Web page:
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21 October 2011, 06:00 | Updated: 21 October 2011, 16:57
A senior officer's personal pilgrimage to visit the graves of the 22 Royal Military Police soldiers killed on operations during his 32 years in the Army has come to an end in Colchester.
Ahead of his retirement next March, Colonel Dudley Giles cycled almost 2,000 miles around the UK in memory of the redcaps.
Col Giles' journey started on September 20 in Northants at the grave of Corporal Nic Webster-Smith, who was killed in Afghanistan in November 2009, and finished in Colchester on Friday 21 October.
He visited Corporal Paul Long's grave in Colchester Cemetery before a short service was held at the unit's Goojerat Barracks in memory of Sergeant Simon Hamilton-Jewell.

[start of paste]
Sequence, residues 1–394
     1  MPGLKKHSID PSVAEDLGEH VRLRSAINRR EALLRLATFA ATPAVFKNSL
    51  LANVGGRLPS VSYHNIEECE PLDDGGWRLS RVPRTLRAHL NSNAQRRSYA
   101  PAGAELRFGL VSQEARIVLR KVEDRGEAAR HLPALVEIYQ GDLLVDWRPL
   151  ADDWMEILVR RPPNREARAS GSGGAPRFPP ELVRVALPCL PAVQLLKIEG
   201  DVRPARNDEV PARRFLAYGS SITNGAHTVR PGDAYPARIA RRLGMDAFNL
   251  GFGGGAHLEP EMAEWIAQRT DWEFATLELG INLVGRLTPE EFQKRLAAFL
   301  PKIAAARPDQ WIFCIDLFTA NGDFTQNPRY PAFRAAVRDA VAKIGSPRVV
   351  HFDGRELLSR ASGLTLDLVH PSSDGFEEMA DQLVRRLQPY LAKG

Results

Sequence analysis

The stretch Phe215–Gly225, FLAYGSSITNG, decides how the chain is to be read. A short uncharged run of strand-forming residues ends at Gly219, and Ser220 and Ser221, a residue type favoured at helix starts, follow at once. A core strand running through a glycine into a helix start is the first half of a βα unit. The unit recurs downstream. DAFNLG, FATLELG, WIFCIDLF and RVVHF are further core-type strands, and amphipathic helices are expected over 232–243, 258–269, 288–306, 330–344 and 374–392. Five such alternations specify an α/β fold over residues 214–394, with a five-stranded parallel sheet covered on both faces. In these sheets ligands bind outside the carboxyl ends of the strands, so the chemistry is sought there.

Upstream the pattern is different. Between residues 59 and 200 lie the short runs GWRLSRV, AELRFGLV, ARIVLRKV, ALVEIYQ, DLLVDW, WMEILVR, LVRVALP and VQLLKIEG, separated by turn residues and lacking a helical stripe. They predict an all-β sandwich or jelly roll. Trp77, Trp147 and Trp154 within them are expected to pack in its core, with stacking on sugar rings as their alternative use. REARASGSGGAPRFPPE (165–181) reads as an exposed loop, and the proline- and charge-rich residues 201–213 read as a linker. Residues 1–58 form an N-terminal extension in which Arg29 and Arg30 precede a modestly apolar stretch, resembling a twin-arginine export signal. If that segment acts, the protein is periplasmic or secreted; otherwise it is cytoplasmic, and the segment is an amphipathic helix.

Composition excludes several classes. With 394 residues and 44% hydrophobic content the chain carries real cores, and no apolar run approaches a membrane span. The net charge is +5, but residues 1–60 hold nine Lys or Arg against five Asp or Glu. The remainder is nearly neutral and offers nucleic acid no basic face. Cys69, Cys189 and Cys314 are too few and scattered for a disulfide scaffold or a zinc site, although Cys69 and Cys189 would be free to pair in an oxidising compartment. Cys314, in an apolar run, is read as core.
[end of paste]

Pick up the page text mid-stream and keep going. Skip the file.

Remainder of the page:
The two soldiers were part of a patrol of six 156 Pro Coy soldiers killed in Iraq in June 2003.
He has raised £4,000 for the RMP Central Benevolent Fund and laid down a challenge to RMP units to bring that up to £20,000.
Col Giles said: "The Army is about people being challenged as individuals while working as part of a team. This is the last physical challenge I have set myself before I retire, but more importantly it is about paying homage and respect to the 22 men and women killed while I have been serving.
"It has been a very emotional journey. Each of these individual's deaths is a loss to their family and friends, but also to the RMP as a regimental family, Soldiers, by nature of the trade, must get on with the job but that doesn't mean that we don't mourn and remember our fallen friends."